Dave Ryan stood before a full gallery in the council chambers last week to give a short presentation on what he believes to be a necessary addition to the town’s regulations.
The presentation gave the public and the council members a brief overview of why a by-law is needed, why fines are required and how much fines would be for various offences.
“I got a lot of feedback from the community regarding people using ATVs in an unsafe manner,” said Ryan. “Especially in the walking trails.”
He cited public safety and protection of property as two of the main reasons he felt Hay River needed a by-law.
The by-law mimics the GNWT’s Act which council thought may not be the best for the town.
Mayor Kelly Schofield raised the issue of the age restriction which would be seen in both the GNWT and Hay River legislation.
All ATVs and snow machines will only be able to be operated by someone over the age of 14 which Schofield warns could be seen as a problem.
He said riders under the age of 14 would be able to drive out “on the lands” outside town limits but should the need to refuel arise, it would be illegal for that rider to go to the gas station because they would be on property within town limits.
The bylaw would also require all snowmobiles and ATVs to be plated and insured.
Coun. Bernie Langille stated that he thinks that the only people in town who would be punished by the by-law are the honest ones who would actually stop and hand over papers if asked to.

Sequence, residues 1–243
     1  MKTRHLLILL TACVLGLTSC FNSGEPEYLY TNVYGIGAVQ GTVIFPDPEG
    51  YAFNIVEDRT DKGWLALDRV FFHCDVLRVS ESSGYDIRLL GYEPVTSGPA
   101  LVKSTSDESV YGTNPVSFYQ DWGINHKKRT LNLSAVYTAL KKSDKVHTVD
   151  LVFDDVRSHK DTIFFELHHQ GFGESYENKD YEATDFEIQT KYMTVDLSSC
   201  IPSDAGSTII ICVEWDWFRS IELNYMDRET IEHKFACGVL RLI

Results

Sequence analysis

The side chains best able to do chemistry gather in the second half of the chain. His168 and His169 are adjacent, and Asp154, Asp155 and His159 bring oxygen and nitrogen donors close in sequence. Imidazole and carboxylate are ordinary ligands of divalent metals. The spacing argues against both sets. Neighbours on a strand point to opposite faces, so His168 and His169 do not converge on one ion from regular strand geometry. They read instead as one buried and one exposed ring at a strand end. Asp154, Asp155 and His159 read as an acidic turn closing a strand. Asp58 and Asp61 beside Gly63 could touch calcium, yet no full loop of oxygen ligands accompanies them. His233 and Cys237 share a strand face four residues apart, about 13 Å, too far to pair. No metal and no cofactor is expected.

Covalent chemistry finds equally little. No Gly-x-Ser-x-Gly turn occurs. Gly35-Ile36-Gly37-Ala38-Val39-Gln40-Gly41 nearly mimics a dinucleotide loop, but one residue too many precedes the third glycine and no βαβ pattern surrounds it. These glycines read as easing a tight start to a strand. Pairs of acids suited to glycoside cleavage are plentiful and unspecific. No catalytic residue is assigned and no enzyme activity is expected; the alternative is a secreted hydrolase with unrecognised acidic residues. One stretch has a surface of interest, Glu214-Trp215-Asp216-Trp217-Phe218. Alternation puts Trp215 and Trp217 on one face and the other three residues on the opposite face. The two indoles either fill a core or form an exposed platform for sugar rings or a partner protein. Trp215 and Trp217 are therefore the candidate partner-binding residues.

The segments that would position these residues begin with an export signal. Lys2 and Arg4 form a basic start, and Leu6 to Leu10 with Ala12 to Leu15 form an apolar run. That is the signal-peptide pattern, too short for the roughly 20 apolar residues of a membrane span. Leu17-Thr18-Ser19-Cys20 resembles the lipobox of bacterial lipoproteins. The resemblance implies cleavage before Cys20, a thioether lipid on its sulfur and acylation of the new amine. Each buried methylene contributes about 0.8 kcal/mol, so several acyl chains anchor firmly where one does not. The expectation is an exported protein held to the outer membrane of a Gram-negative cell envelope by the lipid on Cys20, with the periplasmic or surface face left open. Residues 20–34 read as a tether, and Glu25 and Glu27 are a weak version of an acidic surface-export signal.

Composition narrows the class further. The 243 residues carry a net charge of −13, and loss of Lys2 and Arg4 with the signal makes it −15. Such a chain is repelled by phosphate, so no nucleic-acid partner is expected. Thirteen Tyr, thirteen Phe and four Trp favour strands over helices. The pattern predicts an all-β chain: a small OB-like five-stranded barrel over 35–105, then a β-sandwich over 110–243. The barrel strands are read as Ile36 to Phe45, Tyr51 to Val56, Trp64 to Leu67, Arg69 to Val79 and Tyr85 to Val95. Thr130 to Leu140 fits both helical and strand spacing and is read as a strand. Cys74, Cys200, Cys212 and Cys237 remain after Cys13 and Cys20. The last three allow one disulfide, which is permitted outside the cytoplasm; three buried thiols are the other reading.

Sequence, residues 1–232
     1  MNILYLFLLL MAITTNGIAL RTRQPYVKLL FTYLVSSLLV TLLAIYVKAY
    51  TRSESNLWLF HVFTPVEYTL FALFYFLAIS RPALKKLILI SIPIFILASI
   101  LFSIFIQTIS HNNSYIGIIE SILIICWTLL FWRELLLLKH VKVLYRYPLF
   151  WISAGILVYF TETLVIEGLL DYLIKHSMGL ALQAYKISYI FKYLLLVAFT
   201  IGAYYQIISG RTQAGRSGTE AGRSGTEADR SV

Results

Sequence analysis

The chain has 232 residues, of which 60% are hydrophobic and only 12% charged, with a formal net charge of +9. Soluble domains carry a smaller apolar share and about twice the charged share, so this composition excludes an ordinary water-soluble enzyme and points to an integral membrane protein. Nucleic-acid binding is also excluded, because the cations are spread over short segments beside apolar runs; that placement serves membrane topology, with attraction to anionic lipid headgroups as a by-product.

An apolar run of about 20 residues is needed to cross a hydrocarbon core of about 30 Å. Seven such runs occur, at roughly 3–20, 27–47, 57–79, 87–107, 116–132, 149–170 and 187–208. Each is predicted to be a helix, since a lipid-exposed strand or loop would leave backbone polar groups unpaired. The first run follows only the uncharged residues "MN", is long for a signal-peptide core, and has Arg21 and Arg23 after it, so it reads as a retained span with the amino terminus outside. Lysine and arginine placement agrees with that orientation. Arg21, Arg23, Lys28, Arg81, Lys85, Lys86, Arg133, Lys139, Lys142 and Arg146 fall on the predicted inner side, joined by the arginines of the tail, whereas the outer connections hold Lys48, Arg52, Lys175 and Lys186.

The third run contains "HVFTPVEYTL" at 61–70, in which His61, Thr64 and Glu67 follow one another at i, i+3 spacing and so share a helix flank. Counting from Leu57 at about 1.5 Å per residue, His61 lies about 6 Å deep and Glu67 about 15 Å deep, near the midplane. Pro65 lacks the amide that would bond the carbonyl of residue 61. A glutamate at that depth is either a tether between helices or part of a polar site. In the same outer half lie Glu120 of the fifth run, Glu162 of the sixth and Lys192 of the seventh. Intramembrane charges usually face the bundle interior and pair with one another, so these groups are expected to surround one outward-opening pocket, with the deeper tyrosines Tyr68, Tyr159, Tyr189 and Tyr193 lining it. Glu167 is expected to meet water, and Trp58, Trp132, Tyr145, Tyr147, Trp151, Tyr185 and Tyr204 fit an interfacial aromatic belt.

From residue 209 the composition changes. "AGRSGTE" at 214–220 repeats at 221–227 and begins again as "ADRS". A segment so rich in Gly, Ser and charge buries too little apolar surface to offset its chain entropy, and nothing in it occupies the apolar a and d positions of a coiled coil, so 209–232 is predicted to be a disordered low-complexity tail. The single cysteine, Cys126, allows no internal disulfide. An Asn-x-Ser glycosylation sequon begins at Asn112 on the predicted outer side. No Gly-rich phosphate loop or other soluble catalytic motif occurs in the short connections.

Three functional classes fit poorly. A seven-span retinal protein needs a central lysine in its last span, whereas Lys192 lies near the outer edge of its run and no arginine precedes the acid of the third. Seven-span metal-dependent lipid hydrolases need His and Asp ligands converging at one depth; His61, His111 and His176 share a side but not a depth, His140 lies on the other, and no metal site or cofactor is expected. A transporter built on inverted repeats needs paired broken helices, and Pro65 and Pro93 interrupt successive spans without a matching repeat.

Keith Dohey was an avid user of ATVs in town, and he does not believe that the by-law will change how people use their machines.
“I agree with Coun. Langille on this one for the most part,” he said. “The only people who will stop are people who are not really breaking the law anyway.”
“I agree that some people drive like idiots in town, but a by-law won’t stop that. I would not argue that every ATV should be plated and registered. That way when you report an ATV it can at least be traced to someone. Other than that, I think spending a bunch of time and money on a by-law is a total waste.”
He believes that the time and effort should be spend on education instead.
“I think when you have proper education on safe use of ATVs they can be an awesome way for recreation,” he said.“I understand where they are coming from, don’t get me wrong, but it won’t work. They should promote safe operation instead.”
But there are some residents in town who believe that Hay River could benefit from the regulations.
Shaun Demarcke is an avid power machine user who would like to see some structure for ATV and snow mobile use.
He said that he was unable to attend the information session at council, but believes what they were proposing is a step in the right direction.
“I do think they should have a by-law on ATVs and sleds,” he said.
“I don’t think quads should be driving on the highway. They are made to be in the trails and the ditches, not the roads.”
Demarcke also agrees with the age restriction.
“Especially if they are riding alone,” he said. “No one that young should be riding alone.”
If council decides to go through with the by-law, they will hold a public consultation before the finalized draft is passed.